New Tools for New Missions - Unmanned Aircraft Systems Offer Exciting Capabilities

Thursday, 17 December 2015: 08:00
302 (Moscone South)
Geoff Bland1, Ted Miles2, David C Pieri3, Patrick L Coronado4, Matthew M Fladeland5, Jorge Andres Diaz6, Joseph Cione7, James A Maslanik8, Miguel O Roman4, Gijs de Boer9, Brian M. Argrow9, Jeremy Novara10, Maciej Stachura11, David Neal12 and John Roland Moisan1, (1)NASA Goddard Space Flight Center/WFF, Wallops Island, VA, United States, (2)Zinger Enterprizes, Wallops Island, VA, United States, (3)Jet Propulsion Laboratory, Earth Surface Science Group, Pasadena, CA, United States, (4)NASA Goddard Space Flight Center, Greenbelt, MD, United States, (5)NASA Ames Research Center, Moffett Field, CA, United States, (6)Universidad de Costa Rica, San José, Costa Rica, (7)NOAA Earth System Research Laboratory, Boulder, CO, United States, (8)University of Colorado at Boulder, CCAR, Boulder, CO, United States, (9)University of Colorado at Boulder, Boulder, CO, United States, (10)Vanilla Aircraft LLC, Falls Church, VA, United States, (11)Black Swift Technologies LLC, Boulder, CO, United States, (12)Barron Associates Inc., Charlottesville, VA, United States
There are numerous emerging possibilities for utilizing unmanned aircraft systems (UAS) to investigate a variety of natural hazards, both for prediction and analysis of specific events. Additionally, quick response capabilities will provide affordable, low risk support for emergency management teams. NASA’s partnerships with commercial, university and other government agency teams are bringing new capabilities to research and emergency management communities.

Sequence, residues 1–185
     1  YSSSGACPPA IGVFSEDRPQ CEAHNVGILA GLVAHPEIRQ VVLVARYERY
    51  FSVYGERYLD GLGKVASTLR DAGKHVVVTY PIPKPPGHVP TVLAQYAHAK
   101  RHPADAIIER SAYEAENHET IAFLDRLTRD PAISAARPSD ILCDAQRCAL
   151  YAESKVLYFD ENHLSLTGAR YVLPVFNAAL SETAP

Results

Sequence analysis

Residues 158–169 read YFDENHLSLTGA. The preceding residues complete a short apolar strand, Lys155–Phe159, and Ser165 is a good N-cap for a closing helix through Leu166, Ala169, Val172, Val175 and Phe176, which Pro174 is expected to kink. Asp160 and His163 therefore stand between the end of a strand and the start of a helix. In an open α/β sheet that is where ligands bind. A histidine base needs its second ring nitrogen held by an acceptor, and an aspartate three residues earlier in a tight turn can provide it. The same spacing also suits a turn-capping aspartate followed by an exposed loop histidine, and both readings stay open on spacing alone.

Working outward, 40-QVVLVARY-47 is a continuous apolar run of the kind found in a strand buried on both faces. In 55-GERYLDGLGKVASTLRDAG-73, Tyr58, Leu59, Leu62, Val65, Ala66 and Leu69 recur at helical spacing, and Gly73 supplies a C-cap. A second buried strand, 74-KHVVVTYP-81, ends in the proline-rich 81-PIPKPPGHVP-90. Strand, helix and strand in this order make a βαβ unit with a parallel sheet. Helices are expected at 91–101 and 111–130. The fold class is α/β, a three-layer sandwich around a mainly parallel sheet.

New technology platforms and instrument systems are gaining momentum for stand-off remote sensing observations, as well as penetration and detailed in-situ examination of natural and anthropogenic phenomena. Several pioneering investigations have provided the foundation for this development, including NASA projects with Aerosonde, Dragon Eye, and SIERRA platforms. With miniaturized instrument and platform technologies, these experiments demonstrated that previously unobtainable observations may significantly aid in the understanding, prediction, and assessment of natural hazards such as storms, volcanic eruptions, floods, and the potential impact of environmental changes. Remote sensing observations of storms and fires have also been successfully demonstrated through NASA’s efforts with larger UAS such as the Global Hawk and Ikhana platforms. The future may unfold with new high altitude and/or long endurance capabilities, in some cases with less size and costs as payload capacity requirements are reduced through further miniaturization, and alternatively with expanded instrumentation and mission profiles.

Several new platforms and instrument development projects are underway that will enable affordable, quick response observations. Additionally, distributed measurements that will provide near-simultaneous coverage at multiple locations will be possible - an exciting new mission concept that will greatly aid many observation scenarios. Partnerships with industry, academia, and other government agencies are all making significant contributions to these new capabilities.